California Civil Jury Instructions (CACI)

3004. Affirmative Defense - Search Incident to Lawful Arrest

[Name of defendant] claims that the search was reasonable and that a search warrant was not required. To succeed, [name of defendant] must prove all of the following:

1. That the search was conducted as part of a lawful arrest of [name of plaintiff];

2. That [name of defendant] searched only [name of plaintiff] and the area within which [he/she] might have gained possession of a weapon or might have destroyed or hidden evidence; and

3. That the search was reasonable under the circumstances.

In deciding whether the search was reasonable, you should consider, among other factors, the following:

(a) The extent of the particular intrusion;

(b) The place in which the search was conducted; [and]

(c) The manner in which the search was conducted; [and]

(d) [insert other applicable factor].

Directions for Use

For instructions regarding whether an arrest is lawful, see instructions in the False Imprisonment series (CACI Nos. 1400-1409).

This instruction is not intended for use in cases involving automobile searches: "[W]e hold that when a policeman has made a lawful custodial arrest of the occupant of an automobile, he may, as a contemporaneous incident of that arrest, search the passenger compartment of that automobile." (New York v. Belton (1981) 453 U.S. 454, 460 [101 S.Ct. 2860, 69 L.Ed.2d 768], footnotes omitted.)

Sources and Authority

"Searches incident to lawful arrest constitute a well-established exception to the warrant requirement of the Fourth Amendment." (Hallstrom v. Garden City (9th Cir. 1993) 991 F.2d 1473, 1477, internal citations omitted.)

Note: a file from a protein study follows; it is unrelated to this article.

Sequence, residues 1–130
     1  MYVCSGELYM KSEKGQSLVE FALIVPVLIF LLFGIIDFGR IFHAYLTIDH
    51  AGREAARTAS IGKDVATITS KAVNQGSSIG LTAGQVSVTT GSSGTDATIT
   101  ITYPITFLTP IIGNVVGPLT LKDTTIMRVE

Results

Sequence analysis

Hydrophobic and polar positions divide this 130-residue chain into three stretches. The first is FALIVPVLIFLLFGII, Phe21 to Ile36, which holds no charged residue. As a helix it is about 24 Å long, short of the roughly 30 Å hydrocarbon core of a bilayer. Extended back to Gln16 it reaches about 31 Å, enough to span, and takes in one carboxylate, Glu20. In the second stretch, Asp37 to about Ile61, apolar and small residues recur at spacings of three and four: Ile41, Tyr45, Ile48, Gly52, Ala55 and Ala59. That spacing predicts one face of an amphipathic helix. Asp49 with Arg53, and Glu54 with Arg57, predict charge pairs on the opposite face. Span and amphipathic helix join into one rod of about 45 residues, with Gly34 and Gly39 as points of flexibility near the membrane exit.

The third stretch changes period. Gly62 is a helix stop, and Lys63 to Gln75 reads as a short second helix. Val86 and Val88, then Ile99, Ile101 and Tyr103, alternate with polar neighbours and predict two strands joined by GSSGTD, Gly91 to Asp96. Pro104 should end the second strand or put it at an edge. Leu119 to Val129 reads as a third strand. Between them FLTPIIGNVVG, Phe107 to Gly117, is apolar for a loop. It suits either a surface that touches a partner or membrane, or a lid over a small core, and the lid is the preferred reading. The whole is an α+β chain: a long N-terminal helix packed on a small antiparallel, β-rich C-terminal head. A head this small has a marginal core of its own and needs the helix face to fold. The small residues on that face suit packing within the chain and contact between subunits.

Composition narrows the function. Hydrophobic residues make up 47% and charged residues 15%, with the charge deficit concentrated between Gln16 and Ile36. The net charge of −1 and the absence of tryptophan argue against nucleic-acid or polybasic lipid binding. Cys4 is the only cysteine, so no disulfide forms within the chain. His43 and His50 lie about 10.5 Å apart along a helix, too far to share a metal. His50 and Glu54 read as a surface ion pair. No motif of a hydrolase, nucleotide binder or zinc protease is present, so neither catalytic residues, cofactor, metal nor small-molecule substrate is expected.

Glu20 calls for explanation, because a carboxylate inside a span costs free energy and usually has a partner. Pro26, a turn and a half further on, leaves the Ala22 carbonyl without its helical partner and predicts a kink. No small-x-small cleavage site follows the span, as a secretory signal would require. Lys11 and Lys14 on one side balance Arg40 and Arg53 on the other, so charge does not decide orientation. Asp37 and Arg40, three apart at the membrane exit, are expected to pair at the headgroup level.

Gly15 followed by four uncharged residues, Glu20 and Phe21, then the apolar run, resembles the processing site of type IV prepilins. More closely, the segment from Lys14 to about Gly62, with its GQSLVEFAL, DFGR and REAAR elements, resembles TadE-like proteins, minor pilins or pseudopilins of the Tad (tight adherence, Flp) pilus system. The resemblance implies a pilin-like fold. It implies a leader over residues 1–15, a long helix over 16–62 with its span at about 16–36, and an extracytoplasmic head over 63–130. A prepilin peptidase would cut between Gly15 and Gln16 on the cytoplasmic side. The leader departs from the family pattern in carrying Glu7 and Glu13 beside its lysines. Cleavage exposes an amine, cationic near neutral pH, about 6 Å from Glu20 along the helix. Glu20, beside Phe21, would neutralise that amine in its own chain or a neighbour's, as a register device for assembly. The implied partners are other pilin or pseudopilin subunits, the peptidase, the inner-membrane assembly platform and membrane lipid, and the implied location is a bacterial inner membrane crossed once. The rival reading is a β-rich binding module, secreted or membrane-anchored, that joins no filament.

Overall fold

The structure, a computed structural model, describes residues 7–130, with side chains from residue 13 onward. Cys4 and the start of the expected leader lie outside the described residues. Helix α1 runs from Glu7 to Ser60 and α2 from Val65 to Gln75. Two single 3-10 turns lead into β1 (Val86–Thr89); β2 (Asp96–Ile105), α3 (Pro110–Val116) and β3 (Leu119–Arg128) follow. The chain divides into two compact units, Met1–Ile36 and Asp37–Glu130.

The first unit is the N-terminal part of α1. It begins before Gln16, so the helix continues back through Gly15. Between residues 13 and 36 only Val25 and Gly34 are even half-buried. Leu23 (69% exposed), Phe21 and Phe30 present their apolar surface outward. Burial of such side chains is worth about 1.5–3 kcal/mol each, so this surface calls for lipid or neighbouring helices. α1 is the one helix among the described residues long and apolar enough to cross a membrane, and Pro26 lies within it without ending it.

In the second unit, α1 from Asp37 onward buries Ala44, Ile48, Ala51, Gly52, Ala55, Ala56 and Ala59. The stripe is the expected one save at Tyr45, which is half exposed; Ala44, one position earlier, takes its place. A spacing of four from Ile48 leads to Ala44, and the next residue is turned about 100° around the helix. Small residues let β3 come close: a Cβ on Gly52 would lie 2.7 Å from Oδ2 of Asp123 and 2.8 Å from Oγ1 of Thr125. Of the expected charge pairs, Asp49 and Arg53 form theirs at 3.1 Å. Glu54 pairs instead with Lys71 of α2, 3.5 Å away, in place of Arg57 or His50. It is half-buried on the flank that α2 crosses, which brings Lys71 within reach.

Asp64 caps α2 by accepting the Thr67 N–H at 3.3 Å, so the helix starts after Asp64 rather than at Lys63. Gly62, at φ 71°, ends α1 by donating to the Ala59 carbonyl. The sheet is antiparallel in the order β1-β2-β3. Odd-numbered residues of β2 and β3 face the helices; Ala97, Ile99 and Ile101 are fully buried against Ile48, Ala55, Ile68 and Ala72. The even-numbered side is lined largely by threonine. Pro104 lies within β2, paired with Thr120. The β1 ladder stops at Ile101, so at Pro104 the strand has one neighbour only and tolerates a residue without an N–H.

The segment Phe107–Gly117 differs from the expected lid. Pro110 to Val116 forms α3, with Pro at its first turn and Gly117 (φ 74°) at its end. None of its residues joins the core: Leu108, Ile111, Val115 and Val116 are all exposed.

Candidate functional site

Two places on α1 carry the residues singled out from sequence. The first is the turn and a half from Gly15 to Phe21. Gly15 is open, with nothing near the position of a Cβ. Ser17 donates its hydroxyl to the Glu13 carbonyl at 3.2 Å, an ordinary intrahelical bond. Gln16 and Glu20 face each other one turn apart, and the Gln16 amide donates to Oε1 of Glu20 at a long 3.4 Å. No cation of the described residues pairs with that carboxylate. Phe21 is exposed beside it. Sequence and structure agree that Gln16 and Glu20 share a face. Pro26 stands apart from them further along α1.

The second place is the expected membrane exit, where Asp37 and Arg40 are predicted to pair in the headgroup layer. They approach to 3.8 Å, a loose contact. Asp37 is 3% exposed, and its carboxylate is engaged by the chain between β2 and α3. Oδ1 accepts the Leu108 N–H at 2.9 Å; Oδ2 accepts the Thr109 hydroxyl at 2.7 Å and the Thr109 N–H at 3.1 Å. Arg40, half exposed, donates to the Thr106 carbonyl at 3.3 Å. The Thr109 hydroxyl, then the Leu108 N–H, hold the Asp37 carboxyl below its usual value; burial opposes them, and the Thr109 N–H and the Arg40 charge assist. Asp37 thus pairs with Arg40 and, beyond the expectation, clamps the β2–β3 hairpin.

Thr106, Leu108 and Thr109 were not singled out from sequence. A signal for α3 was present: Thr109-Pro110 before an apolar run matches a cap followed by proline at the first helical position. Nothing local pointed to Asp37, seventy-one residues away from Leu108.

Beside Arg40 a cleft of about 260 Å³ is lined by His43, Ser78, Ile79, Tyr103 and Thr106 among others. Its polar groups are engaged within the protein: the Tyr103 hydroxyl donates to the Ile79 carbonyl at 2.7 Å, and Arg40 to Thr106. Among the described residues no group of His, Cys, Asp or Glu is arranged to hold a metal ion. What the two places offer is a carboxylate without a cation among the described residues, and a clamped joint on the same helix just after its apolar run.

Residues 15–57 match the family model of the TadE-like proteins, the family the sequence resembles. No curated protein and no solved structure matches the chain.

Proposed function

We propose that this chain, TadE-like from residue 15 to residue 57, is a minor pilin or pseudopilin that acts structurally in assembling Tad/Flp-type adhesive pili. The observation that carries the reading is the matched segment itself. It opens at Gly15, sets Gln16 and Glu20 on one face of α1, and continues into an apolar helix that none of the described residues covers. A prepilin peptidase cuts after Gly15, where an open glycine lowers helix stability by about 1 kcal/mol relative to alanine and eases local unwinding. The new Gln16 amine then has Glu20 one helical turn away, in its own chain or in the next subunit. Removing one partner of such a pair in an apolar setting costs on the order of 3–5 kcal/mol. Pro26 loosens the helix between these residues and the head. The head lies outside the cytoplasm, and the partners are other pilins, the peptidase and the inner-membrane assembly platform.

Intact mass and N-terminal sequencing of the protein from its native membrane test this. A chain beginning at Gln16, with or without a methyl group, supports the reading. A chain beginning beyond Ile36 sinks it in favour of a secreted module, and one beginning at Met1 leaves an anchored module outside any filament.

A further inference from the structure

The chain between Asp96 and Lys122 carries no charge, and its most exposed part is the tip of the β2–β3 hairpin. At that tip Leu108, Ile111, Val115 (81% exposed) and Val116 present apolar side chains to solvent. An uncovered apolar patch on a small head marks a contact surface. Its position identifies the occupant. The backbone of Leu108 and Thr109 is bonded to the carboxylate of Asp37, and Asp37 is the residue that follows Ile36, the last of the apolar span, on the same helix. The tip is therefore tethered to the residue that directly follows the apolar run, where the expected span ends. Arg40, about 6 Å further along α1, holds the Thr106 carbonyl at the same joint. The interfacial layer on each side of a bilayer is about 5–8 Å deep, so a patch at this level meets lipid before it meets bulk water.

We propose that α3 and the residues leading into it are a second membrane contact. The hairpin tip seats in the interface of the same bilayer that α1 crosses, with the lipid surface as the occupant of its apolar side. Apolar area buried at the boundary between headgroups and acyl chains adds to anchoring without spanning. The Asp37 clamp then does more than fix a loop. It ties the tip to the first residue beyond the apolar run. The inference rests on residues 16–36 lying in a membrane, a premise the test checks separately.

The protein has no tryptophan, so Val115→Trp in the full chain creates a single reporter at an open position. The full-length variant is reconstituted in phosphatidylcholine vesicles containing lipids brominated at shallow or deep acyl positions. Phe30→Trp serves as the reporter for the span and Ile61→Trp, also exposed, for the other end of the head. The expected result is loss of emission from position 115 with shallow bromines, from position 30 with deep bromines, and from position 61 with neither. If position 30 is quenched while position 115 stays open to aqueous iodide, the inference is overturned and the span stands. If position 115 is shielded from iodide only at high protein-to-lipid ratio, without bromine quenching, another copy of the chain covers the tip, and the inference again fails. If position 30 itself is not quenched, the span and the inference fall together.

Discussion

"Under applicable federal law, a lawful custodial arrest creates a situation which justifies the full contemporaneous search without a warrant of the person arrested and of the immediately surrounding area. Such searches are considered valid because of the need to remove weapons and to prevent the concealment or destruction of evidence." (People v. Gutierrez (1984) 163 Cal.App.3d 332, 334-335 [209 Cal.Rptr. 376], internal citations omitted.)

"Law enforcement officers are permitted to search the entire passenger compartment of a car, including the inside of containers, during a 'search incident to arrest.' " (United States v. Tank (2000) 200 F.3d 627, 631, fn. 6, internal citations omitted.)

"In New York v. Belton, we determined that the lower courts 'have found no workable definition of "the area within the immediate control of the arrestee" when that area arguably includes the interior of an automobile and the arrestee is its recent occupant.' In order to provide a 'workable rule,' we held that 'articles inside the relatively narrow compass of the passenger compartment of an automobile are in fact generally, even if not inevitably, within "the area into which an arrestee might reach in order to grab a weapon" . . . .' We also held that the police may examine the contents of any open or closed container found within the passenger compartment, 'for if the passenger compartment is within the reach of the arrestee, so will containers in it be within his reach.' " (Michigan v. Long (1983) 463 U.S. 1032, 1048- 1049 [103 S.Ct. 3469, 77 L.Ed.2d 1201], internal citations omitted.)

Secondary Sources

8 Witkin, Summary of California Law (9th ed. 1988) Constitutional Law, § 706 et seq.

(New September 2003)